This is where the story Moonlight tackles becomes bold. For white queer narratives, there’s a sense of wanting to belong in the white heteronormative world that oppresses them. Ennis and Jack in Brokeback Mountain want to live in isolation together, alone with their winters, herding sheep. Russell in Weekend has to confront his fear of public displays of affection. The entire series of Looking is a surrogate for the marriage equality movement — its goal was to show that gay men could be just as mundane as heterosexual ones. But for black queer narratives, there’s not only the struggle of accepting your queer identity, but also navigating a world that has little use for the black body.
After all, it’s James Baldwin who said, “I think white gay people feel cheated because they were born, in principle, in a society in which they were supposed to be safe. The anomaly of their sexuality puts them in danger, unexpectedly. There’s an element, it has always seemed to me, of bewilderment and complaint. Now that may sound very harsh, but the gay world as such is no more prepared to accept black people than anywhere else in society.” Take, for instance, the recent Out Magazine interview with virulent racist Milo Yiannopoulos. His racist opinions are merely fodder for clicks to a magazine that covers predominantly white queer issues. The hate he mongers toward black men is inconsequential.
Previous black queer narratives, powerful as they might be, have fallen into the trap of presenting a black male sexuality that acquiesces to white narratives. Keith on Six Feet Under, one of the best representations of a black gay man on television, is a police officer. His masculinity is wrapped up in the imagery of law enforcement, and therefore his black masculinity is never a threat. His relationship is also an interracial one, where he exists to offer emotional support to the frequently distraught David. On the flip side is The Wire’s Omar Little, a hypermasculine drug dealer who is also unapologetically queer. But his almost supernatural ability to rule the streets and strike fear into the hearts of men like a bizarro Batman means that Omar never has to deal with his black masculinity in the real world. David Simon, the series creator, crafted a fairy tale that has no relation to any gay black male in real life.
Telling stories that reflect real life is how we change the conversation around black queerness. It involves bold storytelling and bold acting, as well as a commitment from black men who are beholden to a toxic masculinity like The Birth of a Nation director Nate Parker, who once said he would never play a gay role in order to “preserve the black man.” But the beauty in Moonlight is how it manages to preserve black manhood by actively destroying performative masculinity at every turn. Speaking to The Guardian, Trevante Rhodes (who plays Chiron in adulthood) says, “Growing up, you’re told that being a black man, you have to be that much better than your counterparts. You have to be stronger, more masculine and the most dominant force in the room at all times. So that automatically puts up that block and you don’t think it’s possible to have any kind of vulnerability about you.” But the entire third act of the film acts as a dressing down of this type of masculinity. Operating like an elegiac memory play by Tennessee Williams or Edward Albee, it shows us how Chiron has transformed himself into a strong, masculine boogeyman who could terrorize his former childhood bullies. But confronted with his longtime friend and first sexual experience, Kevin, Chiron casts off his chains, the grill in his mouth, and succumbs to the haunting melody of Barbara Lewis’s “Hello Stranger,” a song about vulnerability and romance.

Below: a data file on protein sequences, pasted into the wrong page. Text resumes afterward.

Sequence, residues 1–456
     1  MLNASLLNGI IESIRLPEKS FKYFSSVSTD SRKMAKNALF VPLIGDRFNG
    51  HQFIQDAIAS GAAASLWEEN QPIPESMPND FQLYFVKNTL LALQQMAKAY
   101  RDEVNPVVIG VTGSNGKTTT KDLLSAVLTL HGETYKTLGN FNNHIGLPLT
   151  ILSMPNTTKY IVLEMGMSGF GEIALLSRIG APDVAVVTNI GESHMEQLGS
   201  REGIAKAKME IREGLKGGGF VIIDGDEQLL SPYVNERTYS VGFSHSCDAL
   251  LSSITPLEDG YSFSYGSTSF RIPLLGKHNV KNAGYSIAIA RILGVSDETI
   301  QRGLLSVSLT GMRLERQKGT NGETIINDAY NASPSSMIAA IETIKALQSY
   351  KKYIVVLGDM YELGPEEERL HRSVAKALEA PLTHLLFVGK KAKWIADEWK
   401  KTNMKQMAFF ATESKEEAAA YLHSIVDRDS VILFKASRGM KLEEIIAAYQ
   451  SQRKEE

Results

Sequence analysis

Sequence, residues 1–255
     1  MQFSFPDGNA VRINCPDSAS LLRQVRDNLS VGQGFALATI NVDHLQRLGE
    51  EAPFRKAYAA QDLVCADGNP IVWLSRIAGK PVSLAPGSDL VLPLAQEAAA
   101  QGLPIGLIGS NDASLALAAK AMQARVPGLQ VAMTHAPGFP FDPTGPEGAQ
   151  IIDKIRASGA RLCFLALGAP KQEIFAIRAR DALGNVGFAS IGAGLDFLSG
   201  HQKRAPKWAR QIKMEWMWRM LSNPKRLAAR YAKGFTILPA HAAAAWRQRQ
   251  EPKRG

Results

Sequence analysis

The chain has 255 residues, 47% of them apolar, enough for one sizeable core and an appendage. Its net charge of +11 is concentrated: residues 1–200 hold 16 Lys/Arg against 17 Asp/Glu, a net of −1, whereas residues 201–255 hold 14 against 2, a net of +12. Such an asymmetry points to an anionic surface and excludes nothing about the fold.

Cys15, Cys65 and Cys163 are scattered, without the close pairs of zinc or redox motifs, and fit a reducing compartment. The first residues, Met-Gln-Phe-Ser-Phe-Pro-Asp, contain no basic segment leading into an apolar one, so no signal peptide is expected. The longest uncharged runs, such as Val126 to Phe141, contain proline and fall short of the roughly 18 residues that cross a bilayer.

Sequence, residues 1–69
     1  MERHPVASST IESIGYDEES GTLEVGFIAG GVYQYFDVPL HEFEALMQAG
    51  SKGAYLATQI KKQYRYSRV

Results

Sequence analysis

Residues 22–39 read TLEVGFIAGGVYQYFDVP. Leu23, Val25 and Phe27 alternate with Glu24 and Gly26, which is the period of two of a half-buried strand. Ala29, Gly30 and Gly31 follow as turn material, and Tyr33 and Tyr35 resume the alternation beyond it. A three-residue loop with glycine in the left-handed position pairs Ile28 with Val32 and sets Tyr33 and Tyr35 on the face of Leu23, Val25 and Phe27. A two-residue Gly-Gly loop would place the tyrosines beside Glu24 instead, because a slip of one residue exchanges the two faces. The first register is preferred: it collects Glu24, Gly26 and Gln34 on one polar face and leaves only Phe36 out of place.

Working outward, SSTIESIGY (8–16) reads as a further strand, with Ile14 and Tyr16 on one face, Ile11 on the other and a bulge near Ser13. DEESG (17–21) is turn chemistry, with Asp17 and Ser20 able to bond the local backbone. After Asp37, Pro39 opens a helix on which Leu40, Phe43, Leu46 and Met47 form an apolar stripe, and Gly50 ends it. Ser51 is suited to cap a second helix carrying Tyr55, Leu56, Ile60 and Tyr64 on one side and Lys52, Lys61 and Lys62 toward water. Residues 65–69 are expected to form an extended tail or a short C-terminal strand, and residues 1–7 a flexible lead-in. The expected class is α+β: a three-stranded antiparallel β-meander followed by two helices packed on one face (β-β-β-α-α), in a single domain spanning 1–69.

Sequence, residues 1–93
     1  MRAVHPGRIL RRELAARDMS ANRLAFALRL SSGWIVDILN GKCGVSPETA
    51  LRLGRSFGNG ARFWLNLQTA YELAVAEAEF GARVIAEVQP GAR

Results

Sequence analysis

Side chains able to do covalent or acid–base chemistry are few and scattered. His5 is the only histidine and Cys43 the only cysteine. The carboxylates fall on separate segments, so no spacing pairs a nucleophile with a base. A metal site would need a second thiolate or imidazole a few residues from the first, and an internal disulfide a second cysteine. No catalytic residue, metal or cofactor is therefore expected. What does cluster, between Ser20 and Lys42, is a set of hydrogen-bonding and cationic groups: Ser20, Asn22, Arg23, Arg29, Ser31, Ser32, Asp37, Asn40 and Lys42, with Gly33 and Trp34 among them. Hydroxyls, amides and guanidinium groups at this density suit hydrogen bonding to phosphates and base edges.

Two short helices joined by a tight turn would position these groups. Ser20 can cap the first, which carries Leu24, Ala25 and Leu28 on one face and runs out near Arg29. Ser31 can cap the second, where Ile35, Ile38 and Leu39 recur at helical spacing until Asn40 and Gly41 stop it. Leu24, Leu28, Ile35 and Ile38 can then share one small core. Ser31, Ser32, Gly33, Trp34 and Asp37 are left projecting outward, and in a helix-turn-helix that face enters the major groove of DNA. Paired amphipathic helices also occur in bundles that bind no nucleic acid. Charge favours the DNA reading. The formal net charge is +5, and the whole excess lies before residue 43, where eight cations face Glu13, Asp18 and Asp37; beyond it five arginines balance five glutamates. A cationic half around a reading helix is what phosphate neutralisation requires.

Playwright McCraney lived in London for part of his life, where he also produced several of his plays. Speaking to The Guardian in 2011, he said, “Over here, I talk about being effeminate and people correct me: they think I’m very masculine. Maybe to you, I think, but to the people back home. ... I guess black guys have a different archetype that they have to hold up in America. Like there’s a built-in way to conduct yourself in public over there. In London, that’s a bit more fluid. So people don’t automatically assume or wonder ...” For artists such as McCraney or Baldwin, who spent much of his life in Paris, there comes an awakening with traveling to another country, with escaping the sturm und drang of performative masculinity, of exhausting yourself to survive in a nation that forces black men to be fierce and, in turn, punishes them for it. But for the Chirons of America, those who can only imagine themselves as something beyond America’s cruel treatment of blackness, the moonlight is enough.